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Guest

I'm wondering what the general rule is for climbing. How fast of an ascent is too fast and visa versa? I usually climb around 2000 fpm + after takeoff and scale that back to 1500 or so until around 20 thousand feet or so then it goes back to 1000. Should I be using a higher/lower rate? Thanks for any help Tim or anyone with the knowledge of real world ops

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I am at the early stages of learning to use the NG and last night VNAV kept having to dip it's nose to regain speed to climb.I was on 96% manual throttle. Is that why? Hi McGraw,The nose pitches down to maintain the 315 knot target speed set by the FMC. The reason for the nose to pitch down is because as the plane climbs to a higher altitude, the air is thinner and you'll notice that the rate-of-climb is less. You should use the auto-throttles so that the correct power is used calculated by the FMC. The auto-throttles are usually enganged after taxing onto the runway. The pilot manually advances the throttles to 40% N1 and when everything stablilizes, the TO/GA is engaged. The auto-throttle then advances to the N1 calculated by the FMC. Ken.

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Guest skefford

>I am at the early stages of learning to use the NG and last>night VNAV kept having to dip it's nose to regain speed to>climb.>>I was on 96% manual throttle. Is that why?>...Why are you on manual? As a previous poster said, LNAV works best with AT.Steve

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Guest McGraw

I was having problems with the Autothrottle but I've sorted them now.Cheers.

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hi i just took off now in the 737/800 and i had an awefully slow climb to FL350 it was like 400fpm with Lnav and Vnav engaged, anyone know why this could be the issue?it doesnt happen often just sometimes,rgds

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Guest benhoffman

Fellow Captains;Most operators do not allow the use of vertical speed mode in the climb or cruise due to the safety issue; i.e. climbs as a function of set rate rather than speed so I can set +7000fpm and the airplane will do its darndest to adhere to +7000fpm and it's liable to fall out the sky.I personally use the FPV, FD, trim and yoke to fly up to cruise manually -yes that's right, I don't engage Otto until I am at cruise; it is more fun! :)I DO however, arm LNAV/VNAV on the ground.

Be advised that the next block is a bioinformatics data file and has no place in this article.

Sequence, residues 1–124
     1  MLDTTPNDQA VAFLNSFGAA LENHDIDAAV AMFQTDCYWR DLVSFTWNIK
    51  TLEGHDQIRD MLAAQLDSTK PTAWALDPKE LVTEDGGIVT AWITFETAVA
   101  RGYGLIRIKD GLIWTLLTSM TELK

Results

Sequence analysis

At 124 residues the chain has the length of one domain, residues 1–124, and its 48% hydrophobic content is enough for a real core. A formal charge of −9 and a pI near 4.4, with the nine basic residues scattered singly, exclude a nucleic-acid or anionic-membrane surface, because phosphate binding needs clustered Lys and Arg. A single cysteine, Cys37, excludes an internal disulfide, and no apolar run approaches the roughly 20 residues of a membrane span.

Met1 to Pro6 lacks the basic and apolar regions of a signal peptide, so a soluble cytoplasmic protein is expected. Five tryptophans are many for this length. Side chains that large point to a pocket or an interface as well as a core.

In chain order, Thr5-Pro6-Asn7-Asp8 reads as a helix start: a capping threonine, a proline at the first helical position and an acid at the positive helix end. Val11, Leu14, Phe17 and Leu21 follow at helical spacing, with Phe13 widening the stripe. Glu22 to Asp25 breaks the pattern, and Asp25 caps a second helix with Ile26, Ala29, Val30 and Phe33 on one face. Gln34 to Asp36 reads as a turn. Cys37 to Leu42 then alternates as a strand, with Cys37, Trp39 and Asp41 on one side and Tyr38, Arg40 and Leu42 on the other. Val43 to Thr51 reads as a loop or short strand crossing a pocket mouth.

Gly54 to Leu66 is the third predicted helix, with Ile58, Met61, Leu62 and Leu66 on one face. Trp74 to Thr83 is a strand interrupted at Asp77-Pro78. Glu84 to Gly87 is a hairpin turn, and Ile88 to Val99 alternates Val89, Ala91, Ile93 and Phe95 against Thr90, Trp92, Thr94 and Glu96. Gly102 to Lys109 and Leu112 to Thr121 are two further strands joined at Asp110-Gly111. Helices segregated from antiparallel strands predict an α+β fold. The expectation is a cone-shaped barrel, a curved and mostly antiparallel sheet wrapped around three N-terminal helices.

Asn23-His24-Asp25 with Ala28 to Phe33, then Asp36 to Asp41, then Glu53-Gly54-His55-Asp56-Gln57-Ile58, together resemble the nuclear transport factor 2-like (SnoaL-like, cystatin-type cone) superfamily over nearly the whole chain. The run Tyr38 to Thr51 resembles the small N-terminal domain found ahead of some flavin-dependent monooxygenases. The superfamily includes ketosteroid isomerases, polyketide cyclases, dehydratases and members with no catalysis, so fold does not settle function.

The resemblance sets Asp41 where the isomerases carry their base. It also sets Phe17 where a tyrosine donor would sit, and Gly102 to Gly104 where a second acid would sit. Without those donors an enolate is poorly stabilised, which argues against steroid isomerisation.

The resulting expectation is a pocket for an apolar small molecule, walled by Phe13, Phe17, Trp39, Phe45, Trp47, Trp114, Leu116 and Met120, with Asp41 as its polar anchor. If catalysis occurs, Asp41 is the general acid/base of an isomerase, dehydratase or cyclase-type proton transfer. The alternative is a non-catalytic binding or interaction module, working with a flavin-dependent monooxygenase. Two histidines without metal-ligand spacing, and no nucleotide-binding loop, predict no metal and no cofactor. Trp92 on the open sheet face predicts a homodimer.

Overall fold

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The 'trouble' with the PMDG744 is that a lot of us are used to using the old default MS autopilot where we had to set VS in the climb and manually change things from there. In the PMDG744 there is NO need to climb according to a specific rate of climb. In fact to do so is largely unrealistic and potentially very dangerous. Leave that technique in the default 'Microboeing 737' where it belongs, gentlemen! :-)VS mode is really ideal for descents as you can adjust the rate of descent to cross a given point at a given altitude (using the green altitude arc on the ND). HOWEVER, using VS in the climb poses certain risks. You can ask the autopilot to climb at an impossible angle and it will do its best until the aircraft gets dangerously slow. As stated elsewhere, the 747 is not an aircraft you want to be slow in!Some flight crews will use VS for the climb to comply with ATC requests or other factors, but only in the context of thousands of hours of experience in the aircraft and a good knowledge of the its limitations.For us regular Joes, EITHER engage VNAV and let it handle the climb OR engage FL CHG and set the appropriate speed for the phase of the climb. The autopilot then sets a nose angle and hold sthe speed, at least that way you don't run the risk of stalling.Note that you can engage VNAV or FL CHG and still fly the aircraft using the flight directors.


Mark Adeane - NZWN